There is a huge difference in opinion in the culturing world and the scientific world on the ratio of milk kefir grains to milk.
Just to give you an idea of the different opinions:
- Dom from (users.chariot.net.au) - 1.6 tablespoons of grains per 1 cup of milk
- Kitchn.com - 1 teaspoon of grains to 1 cup of milk
- Kombucha kamp – .5 tablespoons to 1 cup of milk
- Wholenaturallife.com - 1 tablespoon to 1 cup or less
- Cultures for health –.25 teaspoons per 1 cup of milk
The consensus among home fermenters is from about .25 teaspoons per cup to 1.6 tablespoons per cup.
That’s a huge difference.
What we recommend:
For the first batch or two we tend to recommend using 1 tablespoon to 1 cup of milk just to help adjust to the new environment.
From there they can really take off and usually .5 to 1 teaspoon is enough for 1 cup depending on the environment.
That ratio gives the best flavor and texture in our opinion.
What ratio does the science think is ideal?
Peer reviewed journals measure what can be quantified.
Instead of flavor, taste and what feels right, they measure microorganism counts, grain growth, ph level, lactose level, alcohol level etc.
Those measurements are optimized with more grains and less milk. So in the scientific community, they usually deal with more grains per milk. Ratios such as 3%, 5%, 7%, 10% or even higher is common. That is basically .5 tablespoons per cup of milk to 1.6 tablespoons per cup or more.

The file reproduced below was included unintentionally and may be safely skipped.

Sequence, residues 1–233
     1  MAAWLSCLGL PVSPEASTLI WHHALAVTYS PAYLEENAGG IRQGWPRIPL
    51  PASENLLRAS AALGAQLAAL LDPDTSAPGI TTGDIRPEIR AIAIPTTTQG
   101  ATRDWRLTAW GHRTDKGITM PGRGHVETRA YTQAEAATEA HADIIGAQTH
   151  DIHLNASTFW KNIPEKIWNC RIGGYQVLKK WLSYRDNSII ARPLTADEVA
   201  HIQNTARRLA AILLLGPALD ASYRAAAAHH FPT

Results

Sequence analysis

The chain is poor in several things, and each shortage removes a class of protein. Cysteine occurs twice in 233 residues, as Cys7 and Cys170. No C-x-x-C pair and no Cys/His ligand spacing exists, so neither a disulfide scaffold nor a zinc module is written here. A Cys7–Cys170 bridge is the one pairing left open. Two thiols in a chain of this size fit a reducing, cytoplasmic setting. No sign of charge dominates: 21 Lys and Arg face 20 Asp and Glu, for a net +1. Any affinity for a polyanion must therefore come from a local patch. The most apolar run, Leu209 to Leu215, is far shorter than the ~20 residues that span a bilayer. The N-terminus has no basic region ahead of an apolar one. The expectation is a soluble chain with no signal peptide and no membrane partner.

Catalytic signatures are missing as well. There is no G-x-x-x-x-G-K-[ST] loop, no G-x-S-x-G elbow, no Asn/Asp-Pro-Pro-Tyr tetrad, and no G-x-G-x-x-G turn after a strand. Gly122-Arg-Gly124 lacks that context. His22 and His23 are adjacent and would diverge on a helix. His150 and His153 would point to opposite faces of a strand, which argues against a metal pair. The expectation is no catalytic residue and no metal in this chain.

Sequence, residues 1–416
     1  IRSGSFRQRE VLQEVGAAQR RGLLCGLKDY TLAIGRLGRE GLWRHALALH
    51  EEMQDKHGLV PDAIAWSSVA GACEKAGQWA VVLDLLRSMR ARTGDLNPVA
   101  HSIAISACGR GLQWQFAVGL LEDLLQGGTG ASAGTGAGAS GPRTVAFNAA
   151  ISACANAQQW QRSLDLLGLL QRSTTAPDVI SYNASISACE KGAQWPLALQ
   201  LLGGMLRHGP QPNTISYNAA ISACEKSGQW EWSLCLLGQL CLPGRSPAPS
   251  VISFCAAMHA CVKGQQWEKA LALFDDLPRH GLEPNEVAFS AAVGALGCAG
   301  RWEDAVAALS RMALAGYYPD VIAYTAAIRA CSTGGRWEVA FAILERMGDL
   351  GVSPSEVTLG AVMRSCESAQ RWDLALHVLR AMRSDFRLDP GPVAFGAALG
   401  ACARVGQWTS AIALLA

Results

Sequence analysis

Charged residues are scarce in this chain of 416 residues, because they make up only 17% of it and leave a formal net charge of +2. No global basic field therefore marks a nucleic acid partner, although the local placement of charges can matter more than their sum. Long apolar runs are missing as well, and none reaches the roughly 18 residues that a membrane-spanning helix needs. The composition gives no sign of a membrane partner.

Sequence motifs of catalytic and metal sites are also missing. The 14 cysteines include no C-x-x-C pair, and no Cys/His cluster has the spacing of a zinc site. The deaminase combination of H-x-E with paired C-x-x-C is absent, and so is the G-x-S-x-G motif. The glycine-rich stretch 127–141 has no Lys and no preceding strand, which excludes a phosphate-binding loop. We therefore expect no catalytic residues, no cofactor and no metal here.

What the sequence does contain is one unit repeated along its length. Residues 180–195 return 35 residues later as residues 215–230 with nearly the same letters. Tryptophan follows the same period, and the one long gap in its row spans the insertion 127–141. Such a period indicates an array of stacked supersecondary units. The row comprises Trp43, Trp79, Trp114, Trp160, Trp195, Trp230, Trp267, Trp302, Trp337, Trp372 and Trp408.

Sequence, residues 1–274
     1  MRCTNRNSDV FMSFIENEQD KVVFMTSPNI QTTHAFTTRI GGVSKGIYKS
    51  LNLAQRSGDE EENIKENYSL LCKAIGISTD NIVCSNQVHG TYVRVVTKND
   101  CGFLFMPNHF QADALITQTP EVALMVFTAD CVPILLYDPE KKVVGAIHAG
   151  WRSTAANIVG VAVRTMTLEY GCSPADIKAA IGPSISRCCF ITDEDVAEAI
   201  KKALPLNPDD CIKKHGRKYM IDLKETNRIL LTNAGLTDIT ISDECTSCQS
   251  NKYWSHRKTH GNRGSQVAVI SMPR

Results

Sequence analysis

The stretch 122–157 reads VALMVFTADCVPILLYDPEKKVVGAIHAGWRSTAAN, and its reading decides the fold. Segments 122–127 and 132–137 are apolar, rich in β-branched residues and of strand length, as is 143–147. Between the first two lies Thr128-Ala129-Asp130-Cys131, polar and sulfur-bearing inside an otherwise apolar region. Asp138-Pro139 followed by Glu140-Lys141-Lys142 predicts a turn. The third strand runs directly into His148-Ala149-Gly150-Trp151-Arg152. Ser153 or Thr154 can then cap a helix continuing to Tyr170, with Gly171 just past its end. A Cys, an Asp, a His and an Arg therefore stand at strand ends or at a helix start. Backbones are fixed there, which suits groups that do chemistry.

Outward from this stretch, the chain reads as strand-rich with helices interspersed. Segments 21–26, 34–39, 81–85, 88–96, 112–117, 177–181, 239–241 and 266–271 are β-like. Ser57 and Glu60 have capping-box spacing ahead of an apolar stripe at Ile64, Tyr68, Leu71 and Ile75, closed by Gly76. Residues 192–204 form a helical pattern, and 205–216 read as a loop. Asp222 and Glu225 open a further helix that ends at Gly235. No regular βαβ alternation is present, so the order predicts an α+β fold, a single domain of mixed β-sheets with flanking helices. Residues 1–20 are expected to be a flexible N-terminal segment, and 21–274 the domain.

More grains tend to create better growth, a lower ph, less lactose and more alcohol. Basically, a stronger ferment.
From a scientific standpoint, that’s optimized, but is it really?
Best Ratio for Growing Grains
For example, according to a study, a 10% ratio helps grains grow the best. It was compared against a 5%, 15% and a 20% ratio. That is 1.6 tablespoons per cup. Hardly anyone recommends that kind of ratio as it will usually taste horrible with a over-fermented texture.
Even if you wanted to grow more grains, I’m not sure if that’s ideal either. Fast grain growth through over-fermenting is never ideal for the long-term health of the grains.
Best Ratio for Probiotics
There are only two studies I can find that discusses ratio and probiotic count.
The first study tested a ratio of 3%, 5% or 7% per milk. Basically, that means .5 tablespoons of milk kefir grains per 1 cup of milk, .8 tablespoons of milk kefir grains per 1 cup of milk and 1.1 tablespoons of milk kefir grains per 1 cup of milk.
The .5 tablespoons of milk kefir grains had the highest LAC (Lactic Acid Bacteria) probiotic count and the 1.1 tablespoons of grains had the lowest!
The second study completely contradicts the first study. When the ratio increased from from 2% to 5% (more grains), the count went from 450 million CFU to 4.1 billion CFU.
Why the difference?
One reason might be that the first study only tested Lactic Acid Bacteria, while the 2nd study did a total plate count. So perhaps the LAB decreases while the total count increases.
In any case, diversity of microorganisms is better than total count.
When grains are fermented in a cool slow environment, there is a greater diversity of microorganisms.
I would suspect the same is true when you ferment with fewer grains. Less grains per milk likely means greater diversity but an overall lower count.